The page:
Most should be aware that people in charge of reviewing your resume only take a quick glance at it before they move on to the next one; one simple unpleasing anecdote, and your resume will find itself in trash. Therefore, you must set up your resume in a fashion where any bit of unprofessionalism is nonexistent. There are simply certain things that many people incorporate in their resumes that simply have no place – to many, not including these things may seem like common sense but many still continue to add them in. Here are some things to NOT include in your resumes.
Private information includes anything beyond your contact information – phone numbers, e-mail, and address. Things like marital status, age, race, ethnicity, etc.; simply put, it’s anything that could be used to discriminate against you. Photographs are another item in this criterion you want to stay away from incorporating.
Irrelevant Work Experience
This is a tricky scenario; on one hand, displaying experience in various avenues could work well for you as it will make you look versatile, but on the other hand, placing it in to fill in the empty space will only work against you. The best way to go about this is to only include your 2-3 (great) experiences from your recent past; if you are of a significant age, say 30, and you’ve had numerous jobs since you were the age of 18, then you simply want to stay away from inserting the early job experiences you may have had. You can discuss your past experiences in more detail if/when you get asked about it during the face to face interview.
Unprofessional E-mail Address
We all have that email address from our younger days that we simply can’t let go – email@example.com is not a phrase your potential future employer wants to see. Stick to the basics; simplify your email address to your proper name and a decent domain name.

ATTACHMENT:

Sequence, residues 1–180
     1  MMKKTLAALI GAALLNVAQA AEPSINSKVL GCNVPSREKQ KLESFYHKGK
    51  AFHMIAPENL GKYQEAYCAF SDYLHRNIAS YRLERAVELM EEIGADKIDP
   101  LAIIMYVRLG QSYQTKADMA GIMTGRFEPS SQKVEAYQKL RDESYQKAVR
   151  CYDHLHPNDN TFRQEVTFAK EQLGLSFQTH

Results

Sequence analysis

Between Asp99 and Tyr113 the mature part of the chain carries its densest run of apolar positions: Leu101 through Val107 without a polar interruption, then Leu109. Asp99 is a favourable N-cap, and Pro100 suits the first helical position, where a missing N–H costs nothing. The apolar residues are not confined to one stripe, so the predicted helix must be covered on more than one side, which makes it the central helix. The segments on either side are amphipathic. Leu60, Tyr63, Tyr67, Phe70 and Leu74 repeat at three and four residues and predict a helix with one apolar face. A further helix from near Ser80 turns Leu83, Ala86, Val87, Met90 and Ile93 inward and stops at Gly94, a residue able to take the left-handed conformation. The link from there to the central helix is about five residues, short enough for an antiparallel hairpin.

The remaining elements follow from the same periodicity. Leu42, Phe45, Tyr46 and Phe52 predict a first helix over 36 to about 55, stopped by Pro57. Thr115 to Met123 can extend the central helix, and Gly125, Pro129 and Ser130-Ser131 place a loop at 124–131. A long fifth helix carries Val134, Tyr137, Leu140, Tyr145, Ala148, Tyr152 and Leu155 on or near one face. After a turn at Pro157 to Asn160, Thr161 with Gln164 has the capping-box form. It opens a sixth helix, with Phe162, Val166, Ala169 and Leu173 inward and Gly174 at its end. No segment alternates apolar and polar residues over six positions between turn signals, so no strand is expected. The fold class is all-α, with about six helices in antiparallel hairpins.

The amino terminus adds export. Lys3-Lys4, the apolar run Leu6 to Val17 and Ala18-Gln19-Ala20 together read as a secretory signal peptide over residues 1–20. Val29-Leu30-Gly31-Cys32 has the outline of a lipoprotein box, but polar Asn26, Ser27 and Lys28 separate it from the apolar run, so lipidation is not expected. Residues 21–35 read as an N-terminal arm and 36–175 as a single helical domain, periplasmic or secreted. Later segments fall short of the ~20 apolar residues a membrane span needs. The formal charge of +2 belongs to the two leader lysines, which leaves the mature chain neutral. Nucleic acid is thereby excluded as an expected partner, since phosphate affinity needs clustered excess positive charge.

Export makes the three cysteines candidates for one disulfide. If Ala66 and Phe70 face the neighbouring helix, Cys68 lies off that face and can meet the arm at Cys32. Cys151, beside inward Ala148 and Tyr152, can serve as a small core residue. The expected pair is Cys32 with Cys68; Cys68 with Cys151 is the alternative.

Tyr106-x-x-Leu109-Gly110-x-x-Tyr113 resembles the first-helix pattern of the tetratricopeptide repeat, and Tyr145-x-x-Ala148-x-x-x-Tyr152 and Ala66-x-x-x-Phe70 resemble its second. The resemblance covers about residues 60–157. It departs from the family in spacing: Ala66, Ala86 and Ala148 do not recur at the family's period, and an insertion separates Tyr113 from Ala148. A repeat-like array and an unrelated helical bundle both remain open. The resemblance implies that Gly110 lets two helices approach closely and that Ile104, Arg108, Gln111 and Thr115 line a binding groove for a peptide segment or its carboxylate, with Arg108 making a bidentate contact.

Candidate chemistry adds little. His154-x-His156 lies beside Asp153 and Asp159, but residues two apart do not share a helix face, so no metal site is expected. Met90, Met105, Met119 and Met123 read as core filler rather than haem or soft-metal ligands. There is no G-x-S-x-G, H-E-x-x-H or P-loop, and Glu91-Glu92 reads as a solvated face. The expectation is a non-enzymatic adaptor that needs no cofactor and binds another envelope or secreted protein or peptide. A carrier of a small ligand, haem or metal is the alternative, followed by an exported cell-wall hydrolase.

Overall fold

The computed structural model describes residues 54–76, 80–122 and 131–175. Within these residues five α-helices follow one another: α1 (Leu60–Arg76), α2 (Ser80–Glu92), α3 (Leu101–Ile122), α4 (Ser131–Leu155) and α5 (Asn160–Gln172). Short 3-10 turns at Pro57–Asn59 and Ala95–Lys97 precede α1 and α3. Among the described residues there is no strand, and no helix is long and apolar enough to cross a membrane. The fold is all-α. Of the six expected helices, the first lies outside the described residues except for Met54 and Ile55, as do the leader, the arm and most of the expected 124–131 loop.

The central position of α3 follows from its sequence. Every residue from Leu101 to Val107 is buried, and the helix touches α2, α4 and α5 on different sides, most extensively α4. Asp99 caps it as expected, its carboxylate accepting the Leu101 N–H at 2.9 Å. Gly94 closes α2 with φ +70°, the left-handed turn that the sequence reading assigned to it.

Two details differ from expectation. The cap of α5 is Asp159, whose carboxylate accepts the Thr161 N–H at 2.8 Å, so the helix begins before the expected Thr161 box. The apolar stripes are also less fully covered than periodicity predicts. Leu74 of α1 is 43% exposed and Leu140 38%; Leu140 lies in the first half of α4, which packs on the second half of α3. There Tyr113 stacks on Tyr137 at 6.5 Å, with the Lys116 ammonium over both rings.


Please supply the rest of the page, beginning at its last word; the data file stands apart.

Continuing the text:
Current Business Contact Information
Jumping from one job to another is an experience that will be faced by most people. But, the last thing you want to do is make your current employer aware of your intentions. This could be your office e-mail ID and office phone number – most employers can access all your office emails and receiving a phone call from a potential future employer while you are at work is like asking to be fired.
Including this information on the resume used to be quite a thing but it’s considered repulsive by today’s standard. Most jobs you will be applying to will display how much they are offering right from the get go so for you to have your desired salary in your resume just comes off as arrogant. You might get the chance to negotiate your desired salary during the interview so save this conversation for then. Only include it if it is asked!
The main idea behind this tip is to avoid using the overly typical sans serif fonts; these are your Arial and Helvetica. Many recommend using Times New Roman but this font is now overly used and too commonly seen. Calibri, Garamond, and Georgia are a few great professional alternatives worth trying out instead.
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